News Miami Bureau Sargassum seaweed may be back on South Florida beaches (video story included)

Sargassum seaweed may be back on South Florida beaches (video story included)

Already under attack from erosion and sea level rise, South Florida beaches face a new crisis: the invasion of Sargassum seaweed.

Last summer, tractors cleaned up the daily seaweed influx, costing taxpayers millions. While sargassum flows have increased in recent years, Florida beaches had record amounts in 2019.

The seaweed has also filled Mexican beaches this winter and is expected back next year. Miami commissioners budgeted thousands of dollars to increase efforts next summer and have petitioned the State of Florida for further backing in the future.

This seaweed spreads mostly in warm waters during the summer months, so scientists see climate change as a factor in this past summer’s worsening inundation. Jayantha T. Obeysekera, director of the Sea Level Solutions Center at FIU said this issue will keep increasing because of sea level rise.

“Sea level has been increasing, and we already see some coastal flooding in places like Miami Beach and some parts of Miami-Dade County and the Keys,” said Obeysekera.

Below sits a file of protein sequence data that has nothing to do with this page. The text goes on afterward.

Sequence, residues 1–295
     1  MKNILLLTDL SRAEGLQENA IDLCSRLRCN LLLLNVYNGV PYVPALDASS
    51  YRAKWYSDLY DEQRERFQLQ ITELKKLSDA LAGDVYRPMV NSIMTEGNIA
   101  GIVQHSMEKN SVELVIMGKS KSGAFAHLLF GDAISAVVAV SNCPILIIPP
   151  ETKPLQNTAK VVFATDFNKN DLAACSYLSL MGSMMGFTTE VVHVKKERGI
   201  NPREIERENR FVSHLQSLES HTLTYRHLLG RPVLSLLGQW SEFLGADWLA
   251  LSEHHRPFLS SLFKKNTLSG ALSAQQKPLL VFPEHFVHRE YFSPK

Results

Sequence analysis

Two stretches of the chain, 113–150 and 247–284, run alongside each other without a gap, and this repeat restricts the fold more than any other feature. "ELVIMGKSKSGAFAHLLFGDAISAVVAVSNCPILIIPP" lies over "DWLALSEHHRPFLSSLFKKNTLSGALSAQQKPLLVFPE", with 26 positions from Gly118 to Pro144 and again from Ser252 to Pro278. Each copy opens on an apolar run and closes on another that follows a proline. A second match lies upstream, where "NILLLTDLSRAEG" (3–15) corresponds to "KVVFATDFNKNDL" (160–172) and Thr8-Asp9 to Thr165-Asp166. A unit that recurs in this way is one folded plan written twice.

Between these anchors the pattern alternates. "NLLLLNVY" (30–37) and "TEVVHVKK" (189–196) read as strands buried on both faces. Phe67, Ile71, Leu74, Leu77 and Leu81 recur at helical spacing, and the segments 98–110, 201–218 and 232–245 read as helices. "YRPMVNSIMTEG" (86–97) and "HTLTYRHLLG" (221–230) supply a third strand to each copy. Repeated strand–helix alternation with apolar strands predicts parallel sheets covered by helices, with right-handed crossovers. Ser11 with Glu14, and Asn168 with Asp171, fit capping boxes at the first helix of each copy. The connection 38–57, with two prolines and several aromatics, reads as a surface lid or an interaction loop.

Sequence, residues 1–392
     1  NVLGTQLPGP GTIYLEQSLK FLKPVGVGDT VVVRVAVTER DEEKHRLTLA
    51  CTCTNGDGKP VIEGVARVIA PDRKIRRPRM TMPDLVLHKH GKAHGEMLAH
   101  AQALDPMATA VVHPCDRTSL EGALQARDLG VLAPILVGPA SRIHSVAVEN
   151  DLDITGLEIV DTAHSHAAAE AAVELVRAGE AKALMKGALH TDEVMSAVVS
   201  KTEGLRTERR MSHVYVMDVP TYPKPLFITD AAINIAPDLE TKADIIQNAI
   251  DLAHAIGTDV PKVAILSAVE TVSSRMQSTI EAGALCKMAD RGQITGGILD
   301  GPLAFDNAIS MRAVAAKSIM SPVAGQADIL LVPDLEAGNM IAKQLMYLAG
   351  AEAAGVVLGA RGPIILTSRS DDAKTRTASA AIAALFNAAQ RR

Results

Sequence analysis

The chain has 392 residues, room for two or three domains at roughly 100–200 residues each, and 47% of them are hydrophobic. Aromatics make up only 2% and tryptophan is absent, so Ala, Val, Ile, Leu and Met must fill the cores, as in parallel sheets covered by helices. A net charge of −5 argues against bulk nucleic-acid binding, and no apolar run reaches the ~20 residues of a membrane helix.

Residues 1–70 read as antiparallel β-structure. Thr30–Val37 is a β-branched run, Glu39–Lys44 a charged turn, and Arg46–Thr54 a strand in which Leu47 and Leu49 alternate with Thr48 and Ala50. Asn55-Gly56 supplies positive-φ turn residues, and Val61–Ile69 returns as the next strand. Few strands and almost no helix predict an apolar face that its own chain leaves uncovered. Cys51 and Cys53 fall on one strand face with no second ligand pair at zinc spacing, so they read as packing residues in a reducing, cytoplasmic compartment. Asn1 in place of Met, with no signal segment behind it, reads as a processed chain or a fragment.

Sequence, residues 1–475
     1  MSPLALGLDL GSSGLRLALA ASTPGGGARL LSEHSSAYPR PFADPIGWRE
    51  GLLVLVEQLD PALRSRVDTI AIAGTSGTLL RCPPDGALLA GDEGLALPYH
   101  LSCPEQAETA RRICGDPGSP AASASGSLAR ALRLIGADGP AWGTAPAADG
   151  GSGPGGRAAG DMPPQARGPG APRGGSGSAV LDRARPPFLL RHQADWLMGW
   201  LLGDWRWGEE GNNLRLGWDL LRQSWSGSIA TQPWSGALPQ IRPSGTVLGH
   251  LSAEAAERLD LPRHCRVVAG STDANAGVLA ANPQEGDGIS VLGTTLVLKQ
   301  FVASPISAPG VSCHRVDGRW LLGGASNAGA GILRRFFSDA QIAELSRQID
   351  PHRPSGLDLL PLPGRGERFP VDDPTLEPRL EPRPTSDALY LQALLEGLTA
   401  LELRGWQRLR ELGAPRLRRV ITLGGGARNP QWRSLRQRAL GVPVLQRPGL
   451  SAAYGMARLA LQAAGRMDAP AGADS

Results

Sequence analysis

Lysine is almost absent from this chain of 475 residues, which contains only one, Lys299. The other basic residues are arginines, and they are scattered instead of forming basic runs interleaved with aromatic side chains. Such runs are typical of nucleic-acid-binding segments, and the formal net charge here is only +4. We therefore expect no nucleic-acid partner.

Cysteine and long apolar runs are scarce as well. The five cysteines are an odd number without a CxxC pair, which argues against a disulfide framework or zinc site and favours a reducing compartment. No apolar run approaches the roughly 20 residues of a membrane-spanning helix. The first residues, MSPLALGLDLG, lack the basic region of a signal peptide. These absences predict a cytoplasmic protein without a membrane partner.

Sargassum is a floating, marine brown algae. It grows in high temperatures and is an important habitat for organisms like tuna and turtles. Even though it is not harmful to humans when it decomposes, it smells and attracts flies and other insects that can affect tourism.

“I hate this stuff, it is smelly and is bad for tourism,” said beachgoer Peter McDermott.

Currently, Miami-Dade County is spending an estimated $45 million a year in removing Sargassum from the shore. According to Mark Richard, senior regional manager for the Miami-Dade County Parks and Recreation department, a county contractor removing the seaweed is facing issues. “The actions are kind of limited of what we can do. Financially, it can be very difficult to remove large amounts of seaweed. Right now we are currently removing the seaweed in hot spots around man-made zones.”

Reporter

Maria Raudez grew up in Nicaragua and now studies broadcast journalism at Florida International University. She is passionate about women’s rights and political news and she’s a firm believer that journalism is a key to developing democracy.

Samantha Marsh studies communications and journalism at Florida International University. Born in Kingston, Jamaica, she writes about Caribbean American life, cultural arts and environmental issues.